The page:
Collaboration and Ethics in Distance Learning Design




collaborative learning, asynchronous distance learning, online learning, learning ecosystem, social-constructivism


Ethical education practices require that all students have access to quality learning resources, necessary learning supports, diverse learning strategies, and deep learning opportunities. When it comes to learning strategies and opportunities, collaborative learning practices foster deep learning through socio-cultural interactions, asserting that individual learning is limited compared to what can be learned as a community. Education systems have an ethical obligation to ensure that what is advocated for in curricula can be achieved and will be supported. Although K–12 curricula are typically rooted in collaborative approaches, many asynchronous secondary online learning courses continue to be associated with individual learning approaches. This research used insights gleaned from 35 survey responses and 18 semi-structured interviews with secondary asynchronous distance learning teachers to analyze how collaborative learning is actualized and examine barriers to its implementation. Collaborative online learning opportunities were increasingly prevalent when communities outside of the school were leveraged for experiential learning and when students were paced as a cohort. The data indicated that an increase in collaborative learning was not likely to occur unless the learning ecosystem valued online learning as equitably as face-to-face learning in terms of investment in research-based pedagogy, student support, teacher support, and teaching and learning resources. Until such time, distance learning students will be disadvantaged concerning building collaborative competence that can lead to deeper learning opportunities.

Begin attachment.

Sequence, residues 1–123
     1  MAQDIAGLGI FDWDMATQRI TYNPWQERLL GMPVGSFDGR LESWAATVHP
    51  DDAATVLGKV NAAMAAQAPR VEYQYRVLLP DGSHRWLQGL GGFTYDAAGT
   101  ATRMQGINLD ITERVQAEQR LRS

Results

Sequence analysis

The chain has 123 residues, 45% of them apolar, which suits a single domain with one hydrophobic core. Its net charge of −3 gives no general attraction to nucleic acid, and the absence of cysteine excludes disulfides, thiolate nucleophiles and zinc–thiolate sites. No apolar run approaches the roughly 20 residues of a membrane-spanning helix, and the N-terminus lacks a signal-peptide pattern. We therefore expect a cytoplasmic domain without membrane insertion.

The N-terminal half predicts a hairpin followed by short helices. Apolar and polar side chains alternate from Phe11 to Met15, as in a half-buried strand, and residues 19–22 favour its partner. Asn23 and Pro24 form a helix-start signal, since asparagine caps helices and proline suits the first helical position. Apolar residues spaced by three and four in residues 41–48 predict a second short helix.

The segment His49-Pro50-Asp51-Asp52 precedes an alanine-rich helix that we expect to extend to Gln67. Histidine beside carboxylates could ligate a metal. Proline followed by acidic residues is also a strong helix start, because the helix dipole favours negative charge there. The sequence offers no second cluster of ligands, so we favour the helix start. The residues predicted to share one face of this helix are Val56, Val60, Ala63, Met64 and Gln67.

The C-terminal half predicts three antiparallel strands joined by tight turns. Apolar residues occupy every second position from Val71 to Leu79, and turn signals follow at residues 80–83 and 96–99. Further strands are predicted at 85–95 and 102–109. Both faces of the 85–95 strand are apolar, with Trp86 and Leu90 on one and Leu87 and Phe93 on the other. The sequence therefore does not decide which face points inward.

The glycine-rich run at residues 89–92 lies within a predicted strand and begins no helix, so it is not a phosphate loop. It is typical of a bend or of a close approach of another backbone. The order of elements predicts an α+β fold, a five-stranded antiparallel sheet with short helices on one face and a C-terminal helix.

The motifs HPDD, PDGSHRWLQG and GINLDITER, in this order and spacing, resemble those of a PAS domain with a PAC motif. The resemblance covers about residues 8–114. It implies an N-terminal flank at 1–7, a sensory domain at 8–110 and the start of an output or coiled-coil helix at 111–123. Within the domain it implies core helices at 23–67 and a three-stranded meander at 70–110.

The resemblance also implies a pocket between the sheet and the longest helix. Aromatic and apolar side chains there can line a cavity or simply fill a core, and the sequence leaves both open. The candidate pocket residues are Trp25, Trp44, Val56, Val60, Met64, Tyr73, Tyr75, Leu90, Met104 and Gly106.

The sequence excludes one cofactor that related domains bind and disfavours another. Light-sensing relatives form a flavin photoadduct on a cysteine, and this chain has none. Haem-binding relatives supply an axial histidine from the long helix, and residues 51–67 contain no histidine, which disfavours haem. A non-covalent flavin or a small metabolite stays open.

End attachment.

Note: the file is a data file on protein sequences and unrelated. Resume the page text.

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How to Cite

Biem, R., & Morrison, D. (2023). Collaboration and Ethics in Distance Learning Design. The International Review of Research in Open and Distributed Learning, 24(4), 194–213.



Research Articles